First Department of Medicine, University of Szeged, Szeged, Hungary Department of Translational Pulmonology, Translational Lung Research Center, University of Heidelberg, Heidelberg, Germany 3 Department of Pathology University of Szeged, Szeged, Hungary 4 Department of Dermatology and Allergology, Hungary 5 MTA-SZTE Translational Gastroenterology Research Group, Szeged, Hungary 2
Introduction: Qualitative and/or quantitative changes of mucus in the pancreas are important factors both in the initiation and progression of chronic pancreatitis (CP), however, the underlying defective mucus phenotype is poorly understood. Aims: Our objectives were to investigate the mucus content both in human CP and experimental pancreatitis models and to correlate the mucus changes with ductal ﬂuid secretion and pancreatic ﬁbrosis. Materials & methods: Human CP tissue samples were collected from surgically resected pancreata, whereas murine CP was induced by administration of 6x50mg/kg cerulein 3 series/week for 4 weeks. Morphometric analysis of mucus and ﬁbrosis was carried out. Gene expression of mucin subtypes was investigated. Fluid secretion into the closed luminal space of the cultured pancreatic ducts was analysed using swelling method. Results: The mucus volume density (Vdmuc) of human PDEC was signiﬁcantly higher in CP than in controls, in case of smaller ducts (ductal diameter<100mm: 1.21±0.13nl/mm2 and 0.37±0.05nl/mm2, respectively). Similarily, mouse PDEC showed signiﬁcantly higher Vdmuc in CP than in controls, especially in ducts with smaller diameter (ductal diameter<80mm: 0.72±0.06nl/mm2 vs. 0.005±0.0002nl/mm2). Gene expression of muc6 was ~1000-fold upregulated in mouse and 17-fold upregulated in human CP. Ductal ﬂuid seretion of cerulein treated mice was impaired after 3 weeks of treatment. Analysis of time course changes showed association between tissue damage and impaired epithelial mucus and ﬂuid secretion. Conclusion: There is a clear imbalance of mucus homeostasis during development of CP. Our data suggest that these changes are in association with decreased ﬂuid secretion and increased ﬁbrosis, however, the causeand-effect relationship needs to be determined.
1239. Cigarette smoke extract inhibits ﬂuid and HCOe3 secretion and CFTR activity in guinea pig pancreatic ductal cells l 1, Krisztina To ria Venglovecz 2, Eleono ra Ga th 1, Petra Pallagi 1, Vikto n Rakonczay 1, zsef Mal eth 1, Dezs Csupor 3, Zolta Andrea Schnúr 1, Jo P eter Hegyi 1, 4 1
University of Szeged, First Department of Medicine, Hungary University of Szeged, Department of Pharmacology and Pharmacotherapy, Hungary 3 University of Szeged, Department of Pharmacognosy, Hungary 4 MTA-SZTE Translational Gastroenterology Research Group, Szeged, Hungary 2
Introduction: Smoking represents an independent risk factor for the development of chronic pancreatitis (CP). It is well documented that secretion of pancreatic ductal alkaline ﬂuid (which is regulated mostly by the anion exchanger and CFTR) is diminished in CP. Aims: In this study we would like to understand whether smoking has any effects on pancreatic ductal ﬂuid and HCO-3 secretion. Materials & methods: Intra/interlobular pancreatic ducts were isolated from guinea pig pancreas. Cigarette smoke extract (CSE) was prepared by smoking of 3 cigarettes into 40ml distilled water by a smoking machine. Three different doses (20, 40 and 80mg/ml) were diluted using the stock solution. Basal and forskolin-stimulated ﬂuid secretion was measured by video microscopy. Intracellular pH and Ca2þ concentration were evaluated by microﬂuorometry. Luminal anion exchange activity was determined by the chloride withdrawal technique using microperfusion. CFTR currents were detected by whole cell conﬁguration of patch clamp technique. Results: CSE dose dependently decreased forskolin-stimulated ﬂuid secretion in guinea pig pancreatic ducts, bicarbonate secretion (20mg/ml by 17.3%, 40mg/ml by 40.5%) and forskolin-stimulated Cl- current of CFTR Cl- channel (20mg/ml by 44.5 %, 40mg/ml by 69.3 % and 80mg/ml by 81.3%). Moreover, CSE induced dose-dependent intracellular calcium elevation suggesting that some of the inhibitory effects may be regulated by calcium signalling. Conclusion: CSE inhibits pancreatic ductal ﬂuid and HCO-3 secretion and the activity of the CFTR which may play role in the smoke-induced pancreatic damage. This study was supported by OTKA, MTA and NFÜ/ TAMOP.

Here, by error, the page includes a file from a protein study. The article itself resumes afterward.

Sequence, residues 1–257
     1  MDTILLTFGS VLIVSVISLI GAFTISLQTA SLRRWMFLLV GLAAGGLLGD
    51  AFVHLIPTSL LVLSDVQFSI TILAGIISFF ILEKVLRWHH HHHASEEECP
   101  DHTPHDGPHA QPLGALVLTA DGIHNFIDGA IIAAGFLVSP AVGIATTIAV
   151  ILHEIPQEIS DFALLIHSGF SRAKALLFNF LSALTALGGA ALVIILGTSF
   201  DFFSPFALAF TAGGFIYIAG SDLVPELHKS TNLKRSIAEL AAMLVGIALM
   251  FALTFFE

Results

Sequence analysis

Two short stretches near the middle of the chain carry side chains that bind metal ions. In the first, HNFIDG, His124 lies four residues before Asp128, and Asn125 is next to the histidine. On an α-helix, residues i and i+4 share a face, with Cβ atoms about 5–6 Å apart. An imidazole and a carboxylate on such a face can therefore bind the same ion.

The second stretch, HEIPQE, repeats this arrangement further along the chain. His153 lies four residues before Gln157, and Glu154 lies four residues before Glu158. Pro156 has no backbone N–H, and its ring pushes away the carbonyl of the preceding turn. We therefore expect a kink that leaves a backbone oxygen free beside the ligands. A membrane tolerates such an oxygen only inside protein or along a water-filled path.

1258. Functional signiﬁcance of SPINK1 promoter variants in chronic pancreatitis Kereszturi, Miklo s Sahin-To th Andrea Geisz, Monique H.M. Derikx, Eva Boston University, Department of Molecular and Cell Biology, United States Introduction: The serine protease inhibitor Kazal type 1 (SPINK1) gene encodes a trypsin inhibitor responsible for protecting the pancreas from premature trypsinogen activation and pancreatitis. Recent genetic and functional studies indicated that promoter variants in the SPINK1 gene might contribute to chronic pancreatitis. Aims: Our aim was to investigate the functional effects of 17 SPINK1 promoter variants using luciferase reporter gene expression assay in four different cell lines, including three pancreatic acinar cell lines (rat AR42J with or without dexamethasone-induced differentiation and mouse 2666) and HEK 293T cells.